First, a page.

Who does all the work?


By web gangsta | Published:

Hopefully, you’ve been on the Internet long enough for someone (likely, a parent) to have forwarded to you the following old meme about how tired you are from being overworked:

Yes, I’m tired.

For several years I’ve been blaming it on getting older, lack of sleep, weekend projects, stale office air, poor nutrition, carrying a couple of extra pounds, raising a family, recent ailments, and a dozen other reasons that make you wonder why life is getting tough.

But now I found out what’s really happening! I’m tired because I’m overworked.

The population of the USA reached 300 million last October.

79 million of the population are retired. That leaves 221 million to do the work.

There are 19 million toddlers and 76 million students in schools, which leaves 126 million to do the work.

Of that total, 21 million are unemployed leaving 105 million to do the work.

Then you take away 34 million in hospitals and that leaves 71 million to do the work.

43 million are in prisons and that’s 28 million left to do the work.

Now take away 14,683,468 federal, 5,344,722 state and 5,370,743 city workers who run our government and you’re left with 2,601,067 to do the work.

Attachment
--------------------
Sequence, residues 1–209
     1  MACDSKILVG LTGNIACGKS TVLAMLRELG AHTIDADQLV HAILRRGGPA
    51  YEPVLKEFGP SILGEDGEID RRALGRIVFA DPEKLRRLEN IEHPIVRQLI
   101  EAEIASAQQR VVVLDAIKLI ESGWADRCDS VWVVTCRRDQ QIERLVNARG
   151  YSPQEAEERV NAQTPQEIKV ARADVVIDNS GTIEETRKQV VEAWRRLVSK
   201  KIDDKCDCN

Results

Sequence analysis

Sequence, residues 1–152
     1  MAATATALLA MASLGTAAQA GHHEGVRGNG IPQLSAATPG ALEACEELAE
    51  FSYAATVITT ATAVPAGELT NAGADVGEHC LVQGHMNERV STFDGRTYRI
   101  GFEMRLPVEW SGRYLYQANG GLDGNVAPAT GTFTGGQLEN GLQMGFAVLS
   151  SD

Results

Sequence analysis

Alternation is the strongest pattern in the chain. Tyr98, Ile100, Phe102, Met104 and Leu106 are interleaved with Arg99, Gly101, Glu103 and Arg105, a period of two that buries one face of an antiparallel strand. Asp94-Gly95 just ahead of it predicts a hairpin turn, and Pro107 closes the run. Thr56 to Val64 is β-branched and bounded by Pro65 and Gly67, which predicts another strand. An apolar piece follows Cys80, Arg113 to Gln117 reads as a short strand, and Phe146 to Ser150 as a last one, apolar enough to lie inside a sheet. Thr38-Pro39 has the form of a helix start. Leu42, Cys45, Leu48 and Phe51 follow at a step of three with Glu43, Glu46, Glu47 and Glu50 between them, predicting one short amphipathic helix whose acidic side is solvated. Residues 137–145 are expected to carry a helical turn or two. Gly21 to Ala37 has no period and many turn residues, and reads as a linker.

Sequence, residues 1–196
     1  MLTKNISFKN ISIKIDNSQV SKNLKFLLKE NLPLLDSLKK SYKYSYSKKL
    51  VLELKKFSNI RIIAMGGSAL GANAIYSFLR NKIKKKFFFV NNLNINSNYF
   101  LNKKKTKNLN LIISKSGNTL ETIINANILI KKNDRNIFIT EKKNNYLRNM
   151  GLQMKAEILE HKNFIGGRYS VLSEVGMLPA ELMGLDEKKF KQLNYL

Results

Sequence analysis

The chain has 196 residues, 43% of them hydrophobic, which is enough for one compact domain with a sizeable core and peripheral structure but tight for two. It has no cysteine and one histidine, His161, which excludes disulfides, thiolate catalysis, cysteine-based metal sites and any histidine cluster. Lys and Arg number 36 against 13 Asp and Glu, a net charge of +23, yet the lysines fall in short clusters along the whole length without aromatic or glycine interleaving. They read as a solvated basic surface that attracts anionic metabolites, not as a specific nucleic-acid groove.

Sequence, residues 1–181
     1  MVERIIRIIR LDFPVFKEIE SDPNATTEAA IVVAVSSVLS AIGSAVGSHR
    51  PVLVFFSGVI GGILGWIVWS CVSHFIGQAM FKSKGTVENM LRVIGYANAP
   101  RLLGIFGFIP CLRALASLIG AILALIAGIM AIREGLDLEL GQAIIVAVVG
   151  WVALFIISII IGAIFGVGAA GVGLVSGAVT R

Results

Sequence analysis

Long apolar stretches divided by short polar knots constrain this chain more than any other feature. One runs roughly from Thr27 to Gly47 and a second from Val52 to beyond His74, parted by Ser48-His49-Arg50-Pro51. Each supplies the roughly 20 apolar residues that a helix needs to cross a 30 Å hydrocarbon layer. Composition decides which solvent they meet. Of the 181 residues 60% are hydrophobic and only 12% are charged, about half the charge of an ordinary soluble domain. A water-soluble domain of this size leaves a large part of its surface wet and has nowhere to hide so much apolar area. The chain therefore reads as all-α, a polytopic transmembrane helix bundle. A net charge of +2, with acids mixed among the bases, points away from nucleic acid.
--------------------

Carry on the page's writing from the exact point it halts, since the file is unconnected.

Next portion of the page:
Take away the 2,601,065 people in the armed forces and that leaves just two people to do the work, you and me.

And you’re just sitting there reading this!

No wonder I’m tired!!!

Untapped Talent: Unleashing the Power of the Hidden Workforce
Untapped Talent: Unleashing the Power of the Hidden Workforce

So even though the numbers may change over the years to make the math work out, the premise is always the same – everyone else is accounted for, leaving just one person to do all the work.

Funny thing is that this old joke really isn’t that far off from the truth – at least, not according to THE ATLANTIC’s LOOK AT THE LABOR FORCE recently.

Here’s what they’ve found:

  • 47% are working full-time
  • 11% are employed part-time
  • 5% are unemployed

So where does that leave the other 37% of people who could be working but aren’t?

  • 1% is military
  • 2% are institutionalized, which we will assume means “in prison, jail, hospitals, etc”
  • 2% are stay-at-home parents
  • 5% are disabled
  • 15% are retired
  • 3% want to work… but aren’t, for whatever other reason that isn’t already covered
  • 3% are full-time college students
  • and the ever-popular 8% classified as “other”